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Making the Connection: Oral Health and Diabetes

More than 25 million children and adults in the United States have diabetes. Of those, seven million are actually unaware of their condition. To top it off, it’s estimated that 79 million people have prediabetes, a condition that increases the risk of developing type 2 diabetes down the road.1

So what do these statistics and diabetes have to do with oral health?

Research has found a strong connection between periodontal (gum) disease and diabetes. People with diabetes not only are more likely to have gum disease, but can have a more advanced stage of the condition than those without diabetes.2 It’s important to know that anyone is susceptible, especially pregnant women who are at an increased risk for both gum disease and gestational diabetes due to a change in hormone levels.1,3

Unlike gum disease, diabetes is not always preventable. That’s why regular dental visits are necessary in helping potential diabetics become aware of the risks and the importance of maintaining good oral health. Proper care of the mouth, including treatment of gum disease, may even help diabetics achieve better blood sugar control.
Understanding the connection between diabetes and gum disease will help you keep your oral and overall health in check.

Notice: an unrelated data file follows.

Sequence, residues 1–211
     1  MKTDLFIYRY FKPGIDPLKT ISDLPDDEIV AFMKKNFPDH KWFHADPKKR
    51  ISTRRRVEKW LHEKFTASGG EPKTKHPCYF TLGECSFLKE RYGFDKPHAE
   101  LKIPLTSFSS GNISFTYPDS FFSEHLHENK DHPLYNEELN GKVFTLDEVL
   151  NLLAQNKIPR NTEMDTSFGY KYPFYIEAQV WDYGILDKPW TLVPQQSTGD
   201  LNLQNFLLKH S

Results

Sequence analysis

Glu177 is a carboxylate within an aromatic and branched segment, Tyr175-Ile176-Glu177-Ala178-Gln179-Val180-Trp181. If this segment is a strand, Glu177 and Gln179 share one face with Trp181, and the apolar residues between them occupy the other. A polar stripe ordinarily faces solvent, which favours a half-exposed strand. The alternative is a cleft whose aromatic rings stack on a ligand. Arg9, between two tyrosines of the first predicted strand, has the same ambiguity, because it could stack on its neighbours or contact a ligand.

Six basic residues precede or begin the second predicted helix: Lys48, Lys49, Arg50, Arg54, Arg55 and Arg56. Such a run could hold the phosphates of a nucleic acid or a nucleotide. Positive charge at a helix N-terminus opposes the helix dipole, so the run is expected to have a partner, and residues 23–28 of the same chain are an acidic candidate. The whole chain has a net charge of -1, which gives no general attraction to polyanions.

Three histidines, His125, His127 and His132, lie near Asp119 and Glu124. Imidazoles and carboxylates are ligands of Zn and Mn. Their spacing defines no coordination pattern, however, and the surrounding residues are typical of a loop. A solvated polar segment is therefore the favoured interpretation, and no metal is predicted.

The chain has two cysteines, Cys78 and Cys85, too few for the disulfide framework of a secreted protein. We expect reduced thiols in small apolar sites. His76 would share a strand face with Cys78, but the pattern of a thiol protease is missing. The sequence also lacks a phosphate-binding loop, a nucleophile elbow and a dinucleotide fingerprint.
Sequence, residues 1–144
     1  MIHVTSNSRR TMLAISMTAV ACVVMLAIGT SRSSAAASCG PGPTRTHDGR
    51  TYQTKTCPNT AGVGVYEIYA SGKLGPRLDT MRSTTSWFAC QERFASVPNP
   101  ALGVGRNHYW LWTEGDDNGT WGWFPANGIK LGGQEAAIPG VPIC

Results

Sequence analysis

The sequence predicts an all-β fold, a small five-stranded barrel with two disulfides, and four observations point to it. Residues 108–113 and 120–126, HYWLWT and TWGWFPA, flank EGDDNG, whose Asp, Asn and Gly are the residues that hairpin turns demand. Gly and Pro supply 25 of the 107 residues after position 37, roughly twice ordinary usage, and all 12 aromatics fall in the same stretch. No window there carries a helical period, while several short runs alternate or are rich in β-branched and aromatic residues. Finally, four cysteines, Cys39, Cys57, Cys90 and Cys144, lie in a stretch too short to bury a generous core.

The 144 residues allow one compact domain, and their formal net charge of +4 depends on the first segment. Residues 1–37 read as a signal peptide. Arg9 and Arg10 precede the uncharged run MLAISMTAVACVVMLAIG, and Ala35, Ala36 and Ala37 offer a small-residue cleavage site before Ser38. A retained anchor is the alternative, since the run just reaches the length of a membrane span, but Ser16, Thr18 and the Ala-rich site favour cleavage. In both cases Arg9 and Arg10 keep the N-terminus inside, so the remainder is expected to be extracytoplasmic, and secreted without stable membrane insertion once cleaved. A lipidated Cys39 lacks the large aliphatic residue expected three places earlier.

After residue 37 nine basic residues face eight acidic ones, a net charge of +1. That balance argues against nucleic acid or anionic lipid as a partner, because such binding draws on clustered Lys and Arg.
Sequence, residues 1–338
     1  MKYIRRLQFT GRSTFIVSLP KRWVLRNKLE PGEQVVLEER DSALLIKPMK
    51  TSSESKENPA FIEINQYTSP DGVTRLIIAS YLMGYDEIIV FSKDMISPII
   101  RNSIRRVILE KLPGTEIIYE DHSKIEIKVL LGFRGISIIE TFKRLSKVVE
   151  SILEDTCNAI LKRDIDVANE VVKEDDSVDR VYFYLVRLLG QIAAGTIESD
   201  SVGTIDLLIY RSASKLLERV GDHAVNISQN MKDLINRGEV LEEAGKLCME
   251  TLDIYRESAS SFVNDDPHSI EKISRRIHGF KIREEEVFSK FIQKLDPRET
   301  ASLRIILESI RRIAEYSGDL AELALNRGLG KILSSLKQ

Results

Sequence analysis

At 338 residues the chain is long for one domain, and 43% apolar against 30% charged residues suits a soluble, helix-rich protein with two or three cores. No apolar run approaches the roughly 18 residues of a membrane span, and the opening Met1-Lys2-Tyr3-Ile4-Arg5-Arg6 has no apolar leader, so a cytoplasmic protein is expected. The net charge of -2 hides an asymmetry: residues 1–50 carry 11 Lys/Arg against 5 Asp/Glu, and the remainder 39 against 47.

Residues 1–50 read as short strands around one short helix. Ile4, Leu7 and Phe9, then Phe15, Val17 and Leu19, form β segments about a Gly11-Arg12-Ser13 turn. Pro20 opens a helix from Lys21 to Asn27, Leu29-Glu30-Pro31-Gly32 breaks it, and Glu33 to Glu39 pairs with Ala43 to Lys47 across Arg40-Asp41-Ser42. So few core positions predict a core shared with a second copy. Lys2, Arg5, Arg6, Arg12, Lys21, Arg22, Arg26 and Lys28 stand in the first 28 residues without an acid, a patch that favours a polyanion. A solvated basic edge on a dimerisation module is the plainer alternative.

The following tips can help diabetics better manage their oral and overall health:

  • Schedule regular dental cleanings at a frequency recommended by your dentist to help eliminate the source of bacteria associated with periodontal disease.
  • Tell your dentist you have diabetes, and remind him or her of the status of your condition at each visit.
  • Share your physician’s and dentist’s contact information so they can discuss proper treatment should an issue arise.
  • Practice good oral health habits, such as brushing and flossing regularly and using a daily mouth rinse.

Learn more about the connection between oral health and overall health:

1 American Diabetes Association, web, accessed Oct 2013.
2 Delta Dental Plans Association, web, accessed Oct 2013.
3 American Pregnancy Association. Pregnancy and Swollen Gums (Also known as Pregnancy Gingivitis), web, accessed Oct 2013.
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